Hotel Humboldt and My Hurting Heart

While doing research for my book, “Maracaibo Oil Brat,” I looked up details regarding the elegant and enchanting Humboldt Hotel, Caracas, Venezuela.  Why my corn-bread-and-black-eyed-peas parents, along with my sister Pat, and me, stayed there one night in the summer of 1958, I have no idea.  My parents much preferred a cheap motor court for lodging.  I checked on the Hotel Humboldt’s current status.

What I found made my heart hurt.

Then Venezuelan dictator, Pérez Jiménez, commissioned the building of Hotel Humboldt in the early 1950’s.  Architect Sanabria, responsible for its unique cylindrical shape, suggested a casino in the hotel to draw even more visitors.  Jiménez, ousted in January 1958, flatly refused. 

Un mistake-o grande.

Early on, the Humboldt Hotel was the place for the Latin rich and famous.  Everybody who was anybody stayed there.  From its vantage point upon a peak 2,100 meters above sea level, the Hotel Humboldt overlooked sprawling Caracas one side, and the Caribbean Sea on the other.  The low-to-the-floor modern furnishings, the heated, indoor swimming pool, high vaulted ceilings, and walls decorated in a variety of intricate mosaics combined to convey opulence and luxury.

To add to its drama and uniqueness, two tramways were built to reach the hotel, one from Maiquetía, the airport for Caracas, and the other from Caracas itself.  A guest took a teliférico (tram) up the mountain, which provided a spectacular aerial view.  Near the hotel, guests transferred into a “bubble,” a smaller, round, clear tram, which whisked guests, magic carpet style, straight into the stunning hotel lobby.

As Venezuelan politics, leadership, and economic outlook has changed and evolved, interest in maintaining the once exclusive and luxurious hotel has waned.  The last time all the teliféricos worked was when the Pope last visited Caracas.   

Today, the tram/teliférico from the Caracas airport up to the hotel no longer exists.  The inner workings are rusted, the cable on which the trams traveled is gone, critical machinery is missing, and vegetation has grown high under the former tramway.  From Caracas, tram access to the hotel still exists.  The transfer station now houses an amusement park, a spot for weekend entertainment.  One can take a guided tour of the Hotel Humboldt’s idle and unused lobby, restaurants, bar, and ballroom – all closed for business for decades.  When the guide mentions former dictator Pérez Jiménez’ name, the old-timers spit on the ground.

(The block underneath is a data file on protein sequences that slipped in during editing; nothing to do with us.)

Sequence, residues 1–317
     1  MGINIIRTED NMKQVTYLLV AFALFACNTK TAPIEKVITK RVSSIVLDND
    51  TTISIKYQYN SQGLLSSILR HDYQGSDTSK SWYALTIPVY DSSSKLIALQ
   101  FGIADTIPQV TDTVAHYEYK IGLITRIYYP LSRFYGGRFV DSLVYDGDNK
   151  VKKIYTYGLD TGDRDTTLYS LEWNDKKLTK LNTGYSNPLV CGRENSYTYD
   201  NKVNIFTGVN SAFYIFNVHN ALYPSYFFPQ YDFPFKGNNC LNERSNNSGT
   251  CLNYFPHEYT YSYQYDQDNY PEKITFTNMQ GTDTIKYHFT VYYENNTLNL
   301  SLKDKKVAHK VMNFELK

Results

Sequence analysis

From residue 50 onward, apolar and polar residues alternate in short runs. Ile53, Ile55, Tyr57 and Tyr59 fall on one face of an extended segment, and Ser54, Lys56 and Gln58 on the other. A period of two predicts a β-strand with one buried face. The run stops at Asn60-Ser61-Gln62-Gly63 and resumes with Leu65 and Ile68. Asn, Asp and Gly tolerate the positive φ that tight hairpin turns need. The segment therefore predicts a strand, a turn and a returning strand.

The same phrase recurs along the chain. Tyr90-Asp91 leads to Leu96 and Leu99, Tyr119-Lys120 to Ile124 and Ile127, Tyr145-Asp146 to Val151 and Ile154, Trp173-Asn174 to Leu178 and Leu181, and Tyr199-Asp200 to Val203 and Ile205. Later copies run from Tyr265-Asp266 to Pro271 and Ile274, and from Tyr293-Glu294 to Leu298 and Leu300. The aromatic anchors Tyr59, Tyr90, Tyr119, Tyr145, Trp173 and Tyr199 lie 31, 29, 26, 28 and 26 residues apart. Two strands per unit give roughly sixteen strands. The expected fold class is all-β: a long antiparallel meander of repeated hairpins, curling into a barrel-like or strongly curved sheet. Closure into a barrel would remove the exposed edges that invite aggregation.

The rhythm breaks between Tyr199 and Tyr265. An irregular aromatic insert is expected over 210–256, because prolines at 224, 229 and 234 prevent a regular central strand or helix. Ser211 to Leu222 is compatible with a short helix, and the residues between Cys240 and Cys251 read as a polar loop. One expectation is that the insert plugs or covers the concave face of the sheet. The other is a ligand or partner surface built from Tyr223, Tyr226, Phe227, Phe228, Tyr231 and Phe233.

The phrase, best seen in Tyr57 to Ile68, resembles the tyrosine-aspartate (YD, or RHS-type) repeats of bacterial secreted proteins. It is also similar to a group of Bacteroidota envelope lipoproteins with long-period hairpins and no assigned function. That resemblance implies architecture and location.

The tour does not include any of the deluxe guest suites, all of which are now in terrible repair.  Broken windows in the upper floors allow clouds and wind free access to plush rooms once used by the likes of Fidel Castro and Tito Puente.  Hotel Humboldt sits vacant above Caracas, her broken windows gapping like missing teeth, with no chance, no hope of repair.  Don’t leave her on top of a peak in full view for all to gape at her neglect and devastation.  Hotel Humboldt cannot turn away from the pitying stares of those who remember her former glory, her days filled with admiration and awe.  Why hasn’t someone imploded the Humboldt, or razed it to the ground, like Las Vegas has done to her obsolete, older, out-of-date casinos?  Put the once elegant and sophisticated lady out of her misery. 

Hotel Humbolt’s neglect and subsequent demise makes my heart hurt.


8 Responses to Hotel Humboldt and My Hurting Heart

  1. David George says:

    Is the Hotel Humboldt a metaphor for the current state of disarray the Venezuelan government finds itself in?

  2. Peter H. Tveskov says:

    As I understand it, the twin endeavor: The Mérida teleférico has also been shut down permanently due to lack of maintenance.

    Rumor had ity when the Humboldt opened that due to the altitude many visitors were uncomfortable.

    It also had – of all things – a skating ring. Where would one buy ice skates in Caracas anyway?

    Just saying—

    • Yes,there was an ice skating rink, not in the hotel, but at the station where one changed from the larger gondola/teliferico to the ‘Bubble” which whisked one directly into the Humboldt’s lobby. They rented ice skates there.

      For adults, there really wasn’t much to do – ice skate, swim in heated indoor pool, drink at one of the bars, or eat. Perez Jimenez’s architect suggested a casino fin the hotel – at that time, folks were flocking to Havana to gamble – but Dictator PJ refused. Gambling could have made the hotel profitable.

      We stayed at Hotel Humboldt in the summer of 1958, not realizing that people boycotted hotels that PJ built. (He was ousted in January 1958.) No wonder we almost had the entire hotel to ourselves..

  3. I loved to go skating there!!! there were no ice skates for sale, that I remember.. The rental ones were all soft in the ankles as they had been used many times by novices…>;)
    I always remember those times..Since then I hiked up the mountain in ’89 and enjoyed the locally grown strawberries they used to sell there.
    The whole infrastructure of Venezuela is crumbling… so sad!

  4. Fran Cain says:

    Nice followup to your piece which makes your childhood experience all that much more enchanting.

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